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Newly developed thrombocytopenia in medical intensive care patients

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Thrombocytopenia is a major concern in intensive care medicine. The incidence is greatly varying depending on the clinical setting.


To determine the incidence, severity, prognosis and therapeutic implications of thrombocytopenia in our 12-bed medical (noncoronary) ICU.


We evaluated, in a prospective observational study over 13 months (1.11.1997-30.11.1998), all patients who stayed longer than 48 h in the ICU. Thrombocytopenia was defined as a platelet count below 150000/μl.


We studied 243 patients (63.3% male) with a mean age of 57.9 (± 16.34, 18-96) years, a mean APACHE II score of 21.2 (± 10.06, 0-49) and a mean length of stay of 13.5 days. Thrombocytopenia was observed frequently: only 82 patients (33.7%) were never thrombocytopenic. Ninety-nine (40.7%) patients were thrombocytopenic on admission. From the 144 patients who had normal platelets on admission 62 (45.2%) developed thrombocytopenia. In this group of patients, ICU mortality was significantly correlated with the degree of thrombocytopenia: 66.7% in patients with platelets <20000/μl, 55.6% in patients with platelets 20000-50000, 47.4% in patients with platelets 50000-100000, 9.7% in patients with platelets 100000-150000 (P=0.003 χ2).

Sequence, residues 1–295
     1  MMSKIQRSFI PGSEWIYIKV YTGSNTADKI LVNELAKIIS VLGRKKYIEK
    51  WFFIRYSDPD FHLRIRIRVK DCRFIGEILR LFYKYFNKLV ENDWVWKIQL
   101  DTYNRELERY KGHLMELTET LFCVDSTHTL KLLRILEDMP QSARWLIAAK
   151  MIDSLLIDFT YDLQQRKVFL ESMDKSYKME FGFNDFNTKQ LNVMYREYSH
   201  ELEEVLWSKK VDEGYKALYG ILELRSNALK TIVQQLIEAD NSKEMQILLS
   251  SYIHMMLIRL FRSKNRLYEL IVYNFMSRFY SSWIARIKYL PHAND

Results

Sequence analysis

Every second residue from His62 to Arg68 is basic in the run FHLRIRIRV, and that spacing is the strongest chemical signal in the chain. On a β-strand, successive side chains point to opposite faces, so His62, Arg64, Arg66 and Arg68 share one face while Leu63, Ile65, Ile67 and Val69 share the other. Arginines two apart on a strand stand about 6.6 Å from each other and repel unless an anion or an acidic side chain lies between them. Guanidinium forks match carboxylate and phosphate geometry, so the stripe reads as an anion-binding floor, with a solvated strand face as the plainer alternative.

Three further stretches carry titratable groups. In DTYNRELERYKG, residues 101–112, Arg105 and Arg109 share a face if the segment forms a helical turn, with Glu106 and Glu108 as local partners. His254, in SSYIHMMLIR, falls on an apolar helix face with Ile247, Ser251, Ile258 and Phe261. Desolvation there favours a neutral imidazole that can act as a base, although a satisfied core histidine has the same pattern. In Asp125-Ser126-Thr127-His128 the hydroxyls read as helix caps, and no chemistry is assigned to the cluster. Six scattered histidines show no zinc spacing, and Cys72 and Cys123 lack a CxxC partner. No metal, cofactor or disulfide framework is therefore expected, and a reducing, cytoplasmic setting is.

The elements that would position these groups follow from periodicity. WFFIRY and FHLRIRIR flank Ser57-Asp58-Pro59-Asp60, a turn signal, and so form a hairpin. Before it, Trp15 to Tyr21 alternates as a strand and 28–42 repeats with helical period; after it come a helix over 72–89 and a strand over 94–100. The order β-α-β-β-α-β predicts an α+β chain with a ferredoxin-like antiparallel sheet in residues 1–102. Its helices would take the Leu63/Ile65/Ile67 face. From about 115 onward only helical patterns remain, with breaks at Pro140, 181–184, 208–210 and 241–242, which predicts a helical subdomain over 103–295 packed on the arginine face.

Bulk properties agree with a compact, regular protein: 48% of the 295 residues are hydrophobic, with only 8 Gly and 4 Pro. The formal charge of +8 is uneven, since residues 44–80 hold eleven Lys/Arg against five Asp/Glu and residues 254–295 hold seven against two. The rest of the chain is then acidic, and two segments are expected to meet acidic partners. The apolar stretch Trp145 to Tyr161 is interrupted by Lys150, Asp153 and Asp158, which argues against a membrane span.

45.2% of patients became thrombocytopenic during their ICU stay. The degree of newly developed thrombocytopenia was highly correlated with mortality, length of stay, initial APACHE II score and the consumption of blood products.


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Strauss, R., Wehler, M., Mehler, K. et al. Newly developed thrombocytopenia in medical intensive care patients. Crit Care 4 (Suppl 1), P23 (2000).

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